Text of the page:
If not, we need only wait a little longer, only go a few more miles down this path.

Soon we will be gladly joining them.

Written by Pastor Paul Ziemer, WELS National Civilian Chaplain and Liaison to the Military

Saturday night service: 6:00 pm
Sunday morning services: 10:00 am

Friday, October 9, 2015

What Makes Jesus So Special?

Wherever you go in the world, you’ll find people who recognize the name Jesus. And even though they might not know much about him, they do know it is a special name, that this man did something which impacted the world in a major way.
Studying the first 300 hundred years of the Christian church one sees it was a time of great difficulty, of ongoing persecution in which many believers suffered, some losing their lives. And yet, Christianity continued to spread and grow at a breath taking pace. The growth didn’t come through force or power though. It came as a result of common people quietly living Christian lives on a day to day basis.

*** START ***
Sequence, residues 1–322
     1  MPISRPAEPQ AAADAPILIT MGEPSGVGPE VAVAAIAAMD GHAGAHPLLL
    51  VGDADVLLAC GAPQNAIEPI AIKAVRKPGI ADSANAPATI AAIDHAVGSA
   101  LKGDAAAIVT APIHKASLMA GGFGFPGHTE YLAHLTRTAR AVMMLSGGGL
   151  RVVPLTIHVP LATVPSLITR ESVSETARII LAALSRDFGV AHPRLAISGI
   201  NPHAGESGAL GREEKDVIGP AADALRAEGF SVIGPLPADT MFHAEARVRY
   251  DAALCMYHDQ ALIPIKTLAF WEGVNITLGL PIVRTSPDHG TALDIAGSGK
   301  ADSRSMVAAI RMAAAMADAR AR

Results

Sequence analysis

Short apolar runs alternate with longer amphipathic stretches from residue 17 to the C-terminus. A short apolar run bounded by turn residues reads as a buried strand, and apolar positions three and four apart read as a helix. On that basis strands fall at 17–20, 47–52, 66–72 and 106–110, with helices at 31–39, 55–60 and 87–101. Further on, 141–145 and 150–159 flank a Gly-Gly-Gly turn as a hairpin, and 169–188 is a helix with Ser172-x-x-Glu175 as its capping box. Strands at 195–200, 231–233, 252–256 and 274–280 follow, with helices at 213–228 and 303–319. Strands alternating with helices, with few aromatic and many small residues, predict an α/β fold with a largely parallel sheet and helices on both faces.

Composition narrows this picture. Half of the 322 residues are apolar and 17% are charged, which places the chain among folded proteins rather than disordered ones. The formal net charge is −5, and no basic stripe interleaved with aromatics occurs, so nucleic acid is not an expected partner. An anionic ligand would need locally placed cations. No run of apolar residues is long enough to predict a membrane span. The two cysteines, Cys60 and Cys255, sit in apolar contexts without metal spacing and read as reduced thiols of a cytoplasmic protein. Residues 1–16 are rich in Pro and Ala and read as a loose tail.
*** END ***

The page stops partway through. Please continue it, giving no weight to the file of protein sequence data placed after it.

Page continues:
Throughout the years historians ask the question, “Why did those early Christians continue to believe and remain faithful even in the midst of such horrible hostility?” Several answers have been proposed, but there is only one explanation which is satisfying – the unique person of Jesus Christ. Christians of the early centuries and up to this day believe that Jesus Christ is totally special – different from everyone else who ever lived or will live.
This weekend, we begin a study of the little book of Colossians, a New Testament book written by the Apostle Paul. It is a short read, only 4 chapters, but in those 4 chapters we find a brilliant presentation of this special Jesus Christ. And the tremendous news is, he’s just as special today as he was 2000 years ago!

Saturday night service: 6:00 pm
Sunday morning services: 10:00 am

Friday, October 2, 2015

Do You Pray Expecting an Answer?

So after you say “Amen” and get up off your knees, how confident are you that God will answer your prayers? Would you say 100% sure? Maybe 75%? Or, after you pray do you feel like the quarterback who has just heaved a “Hail Mary” pass in the last seconds of the game, hoping against hope that things might just work out against all odds?